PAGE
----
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Should you not start the last sentence with « Enfin » or « Finalement » ?
Lesson was: cette chanteuse a un ... kind of talent. How does certain translate to a kind of. Thanks.
Does anyone know what that sentence means? In English, please.
It's the first sentence in this lesson.
Can someone please explain the logic behind the difference in adjective agreement w/ nouns after "de" in these two sentences, which both are found in the exercise:
1) "les distances de sécurité"
2) "quelques minutes de gagnées"
Why is "securité" not in agreement w/ "les distances," while "gagnées" is in agreement w/ "quelques minutes?"
Beautiful island. Great listening opportunity. But the music is so loud, I'm having trouble hearing the narrator. Domage.
There seems to be some kind of error associated with the text input for Studyplan questions based on this lesson.
Here is the question:
"_________ des légumes." (Carrots are vegetables.)
[End of question]
I type the following reasonable answer:
On my screen, as soon as I type the thirteenth "x", the first "x" is slightly truncated at the left. (The remainder of the question is pushed to the right, which is expected behaviour.)
If I arrow left to completely expose the first "x", the final "x" then becomes partially truncated at the right. Adding further x's are correctly expanding the text box, but either the initial character or the final character are partially truncated.
If I adjust the screen font size using Ctrl++ or Ctrl+-, the truncation persists.
Additional question: Why are there quotes round some of the questions (see my example above, with the final quotes after "légumes").
On the specific Studyplan test page that I'm currently looking at, 2 questions have quotes and 8 questions have no quotes. Without being condescending, I'm sure the average guy will not notice any difference, but for techies who are trained to look for tiny clues (think "Boeing 337 Max"), these things can be irritating if they are unintentional and random. I spent some time trying to figure out what I was missing.
According to the notes, Jacques a descendu ... could mean he climbed down off the giant. I picked this answer, too, and it was wrong. Why? Thanks for your help.
Je les ai jois (s?) que Maman a cueillie(s?) How does it work here, where you have the fraises referenced by the les before the ai? Do both of these need to agree?
During my Dashboard test, one of the questions was:
Nous ______ tous le mot "hypocondriaque". (We're all spelling the word "hypochondriac".)
HINT: Conjugate "épeler" (to spell) in Le Présent
Problem: Trying to find"épeler" in the lesson page was an absolute nightmare. For the younger guys, it might be easy enough, but I'm 76.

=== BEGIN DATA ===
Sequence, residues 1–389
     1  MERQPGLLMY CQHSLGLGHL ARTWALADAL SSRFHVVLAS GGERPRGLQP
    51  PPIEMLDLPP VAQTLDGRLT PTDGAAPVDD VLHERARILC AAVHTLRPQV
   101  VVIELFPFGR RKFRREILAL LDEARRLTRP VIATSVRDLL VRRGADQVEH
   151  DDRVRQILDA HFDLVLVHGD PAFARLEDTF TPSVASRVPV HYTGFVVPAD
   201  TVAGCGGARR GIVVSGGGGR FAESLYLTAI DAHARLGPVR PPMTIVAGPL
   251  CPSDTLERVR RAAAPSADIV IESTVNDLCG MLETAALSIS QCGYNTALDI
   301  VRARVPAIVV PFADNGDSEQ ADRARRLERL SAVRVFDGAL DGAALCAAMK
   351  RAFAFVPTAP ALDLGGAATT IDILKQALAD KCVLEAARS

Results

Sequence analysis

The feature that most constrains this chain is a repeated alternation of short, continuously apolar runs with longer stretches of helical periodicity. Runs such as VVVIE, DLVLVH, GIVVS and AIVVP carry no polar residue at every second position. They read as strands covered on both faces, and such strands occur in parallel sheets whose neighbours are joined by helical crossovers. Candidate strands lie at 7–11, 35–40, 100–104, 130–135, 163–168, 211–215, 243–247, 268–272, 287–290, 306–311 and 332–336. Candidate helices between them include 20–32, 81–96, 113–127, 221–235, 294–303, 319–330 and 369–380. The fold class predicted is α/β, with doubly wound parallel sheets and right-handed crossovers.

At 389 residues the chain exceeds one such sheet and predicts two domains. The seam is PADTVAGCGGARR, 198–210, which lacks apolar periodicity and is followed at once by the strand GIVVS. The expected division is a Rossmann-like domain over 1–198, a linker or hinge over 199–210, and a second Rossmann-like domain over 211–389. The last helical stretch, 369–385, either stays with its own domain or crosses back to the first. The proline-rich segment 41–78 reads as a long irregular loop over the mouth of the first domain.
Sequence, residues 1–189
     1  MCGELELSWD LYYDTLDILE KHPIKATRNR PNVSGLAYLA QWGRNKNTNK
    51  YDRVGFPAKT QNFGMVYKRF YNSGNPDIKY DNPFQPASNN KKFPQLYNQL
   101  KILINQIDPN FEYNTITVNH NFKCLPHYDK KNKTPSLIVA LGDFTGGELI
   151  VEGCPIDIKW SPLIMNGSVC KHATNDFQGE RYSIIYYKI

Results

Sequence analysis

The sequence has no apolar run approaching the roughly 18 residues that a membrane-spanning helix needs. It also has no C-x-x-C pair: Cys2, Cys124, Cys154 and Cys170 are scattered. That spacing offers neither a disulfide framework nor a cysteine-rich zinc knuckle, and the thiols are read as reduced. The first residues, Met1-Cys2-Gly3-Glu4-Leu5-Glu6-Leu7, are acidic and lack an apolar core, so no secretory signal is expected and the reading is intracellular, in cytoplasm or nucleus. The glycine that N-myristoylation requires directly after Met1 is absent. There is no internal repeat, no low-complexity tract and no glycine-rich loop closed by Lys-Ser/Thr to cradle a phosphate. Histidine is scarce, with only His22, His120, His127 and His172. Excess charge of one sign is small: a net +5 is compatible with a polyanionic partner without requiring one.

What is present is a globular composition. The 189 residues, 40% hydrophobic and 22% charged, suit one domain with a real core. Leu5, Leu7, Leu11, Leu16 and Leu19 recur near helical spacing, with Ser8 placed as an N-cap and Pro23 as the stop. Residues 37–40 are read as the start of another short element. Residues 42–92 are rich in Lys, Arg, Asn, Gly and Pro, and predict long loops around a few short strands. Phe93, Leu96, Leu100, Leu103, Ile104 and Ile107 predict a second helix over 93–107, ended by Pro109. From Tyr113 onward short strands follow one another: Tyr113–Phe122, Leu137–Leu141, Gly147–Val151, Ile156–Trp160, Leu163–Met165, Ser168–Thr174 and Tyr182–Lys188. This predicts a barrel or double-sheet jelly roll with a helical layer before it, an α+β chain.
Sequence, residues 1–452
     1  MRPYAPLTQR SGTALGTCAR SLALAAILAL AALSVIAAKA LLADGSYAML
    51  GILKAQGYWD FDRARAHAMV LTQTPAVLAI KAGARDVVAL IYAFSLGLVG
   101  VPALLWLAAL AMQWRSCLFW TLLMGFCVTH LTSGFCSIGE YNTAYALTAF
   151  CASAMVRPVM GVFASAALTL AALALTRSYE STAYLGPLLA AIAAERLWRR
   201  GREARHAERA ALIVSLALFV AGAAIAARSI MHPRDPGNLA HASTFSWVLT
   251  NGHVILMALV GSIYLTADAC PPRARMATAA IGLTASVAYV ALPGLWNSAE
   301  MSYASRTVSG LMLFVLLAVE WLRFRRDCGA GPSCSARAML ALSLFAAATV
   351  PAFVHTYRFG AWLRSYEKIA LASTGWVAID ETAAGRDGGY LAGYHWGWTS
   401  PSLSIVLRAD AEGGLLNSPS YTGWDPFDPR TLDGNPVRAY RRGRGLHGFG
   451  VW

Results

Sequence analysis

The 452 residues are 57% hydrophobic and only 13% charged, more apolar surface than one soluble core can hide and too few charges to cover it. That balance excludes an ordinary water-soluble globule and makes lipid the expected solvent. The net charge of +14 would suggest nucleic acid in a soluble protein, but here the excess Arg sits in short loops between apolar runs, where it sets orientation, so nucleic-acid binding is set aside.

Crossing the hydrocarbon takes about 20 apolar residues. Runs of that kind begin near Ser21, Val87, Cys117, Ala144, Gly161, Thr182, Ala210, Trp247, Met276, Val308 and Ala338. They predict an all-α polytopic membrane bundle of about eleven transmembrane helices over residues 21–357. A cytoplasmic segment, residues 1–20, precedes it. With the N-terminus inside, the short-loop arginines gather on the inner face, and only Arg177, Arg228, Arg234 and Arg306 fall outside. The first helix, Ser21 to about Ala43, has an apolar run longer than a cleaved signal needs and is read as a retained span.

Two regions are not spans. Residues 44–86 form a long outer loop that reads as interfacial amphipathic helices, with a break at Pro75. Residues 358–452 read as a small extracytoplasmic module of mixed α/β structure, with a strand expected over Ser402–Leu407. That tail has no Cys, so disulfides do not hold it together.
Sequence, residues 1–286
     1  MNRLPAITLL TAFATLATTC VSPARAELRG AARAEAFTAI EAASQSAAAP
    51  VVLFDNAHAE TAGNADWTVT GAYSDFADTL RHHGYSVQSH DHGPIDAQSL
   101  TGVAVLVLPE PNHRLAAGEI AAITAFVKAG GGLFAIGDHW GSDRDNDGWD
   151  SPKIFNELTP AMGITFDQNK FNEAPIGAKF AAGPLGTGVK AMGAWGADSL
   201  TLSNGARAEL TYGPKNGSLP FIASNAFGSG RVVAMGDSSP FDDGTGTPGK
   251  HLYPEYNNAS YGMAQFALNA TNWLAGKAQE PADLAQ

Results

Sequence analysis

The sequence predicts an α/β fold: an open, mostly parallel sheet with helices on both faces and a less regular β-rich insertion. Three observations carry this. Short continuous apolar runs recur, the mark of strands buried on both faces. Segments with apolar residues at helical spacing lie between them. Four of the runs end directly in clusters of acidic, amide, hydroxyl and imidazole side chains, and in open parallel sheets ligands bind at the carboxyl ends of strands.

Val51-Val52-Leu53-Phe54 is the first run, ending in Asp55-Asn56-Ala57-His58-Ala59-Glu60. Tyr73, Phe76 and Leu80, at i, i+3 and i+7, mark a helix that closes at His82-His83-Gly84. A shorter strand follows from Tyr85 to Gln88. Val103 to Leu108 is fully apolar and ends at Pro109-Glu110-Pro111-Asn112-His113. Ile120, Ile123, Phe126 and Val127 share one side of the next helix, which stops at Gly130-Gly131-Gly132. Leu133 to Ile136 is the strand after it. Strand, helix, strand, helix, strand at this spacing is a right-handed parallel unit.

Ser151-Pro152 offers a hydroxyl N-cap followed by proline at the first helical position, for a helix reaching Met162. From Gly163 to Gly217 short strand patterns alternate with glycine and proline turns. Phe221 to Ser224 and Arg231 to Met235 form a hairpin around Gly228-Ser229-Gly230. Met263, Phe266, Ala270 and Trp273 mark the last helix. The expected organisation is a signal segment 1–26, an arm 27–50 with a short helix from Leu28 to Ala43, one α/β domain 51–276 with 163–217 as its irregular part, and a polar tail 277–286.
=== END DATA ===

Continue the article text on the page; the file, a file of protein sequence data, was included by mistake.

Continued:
Trying to find "épeler" didn't work, because it doesn't exist in the page.
Never mind. Marchons! Marchons!
Next, try to find the correct template for "épeler" in one of the following templates:
-é(-)er, -e(-)er, -eter, -eler, -Ê(-)ER [Note the change from lower case to upper case in the final template.]
My first attempt to find "épeler" in one of those templates stopped when I found -e(-)er, which matches -eler
The next step was to find out how to conjugate it. I failed, because the only conjugated verb on the whole page is COMPLÉTER, which does not match the template (it matches -é(-)er).
Are we confused yet?
I followed the advice to omit any question if I was unsure about the answer.
BTW: The sharp-eyed will have noticed the template -eler actually exists near the end of my list of templates. So there are ambiguous templates.
Footnote: IMHO, there's far too much material on this page. It could be split into possibly four or five lessons. The lesson generates two questions in the micro-kwiz and 1 question in the dashboard quiz. The lesson demands at least 20 questions.
Attempts to compress the material result in statements such as:
Verbs ending in -É(-)ER such as célébrer, compléter, préférer, espérer..., as well as most verbs ending in -E(-)ER (except for -ETER and -ELER verbs) such as mener, lever, semer, élever... are semi-regular -ER verbs
Compare with a lesson such as "Conjugate avoir in Le Présent (present tense)" which has only a fraction of the material, and is much easier to understand. Yet that lesson also generates two questions in the micro-kwiz and 1 question in the dashboard quiz.
IMHO, the presentation of "avoir envie de" in this lesson seems to be rambling and less precise than the corresponding "avoir besoin de" lesson. (They were written by the same author.)
Because of the differing presentations, it took me a couple of re-reads to realize that the construction of these expressions is actually IDENTICAL:
- avoir besoin de + (article) + noun
- avoir envie de + (article) + noun
- avoir besoin de + infinitive
- avoir envie de + infinitive
Note that I've replaced the unnecessary "de/d'" by the simple "de", because at this stage of a French course, I don't think anyone would ever say (or write) "J'ai besoin de un crayon". [BTW: I'm impressed by the spell checker. It flagged "de un" ! ]
The use of "parallel text" causes most Brits to prefer US courses. Although the subjects might be of equal complexity and difficulty, the Yanks use parallel text for the overhead projectors and the course notes. That seems to make the subjects seem simpler - both to learn and to remember.
BTW: Parallel text simply means the use of identical text throughout - except for the differing key words. Look at my "besoin" and "envie" examples above. The differing key words seem to jump out of the page - as if they had been emboldened.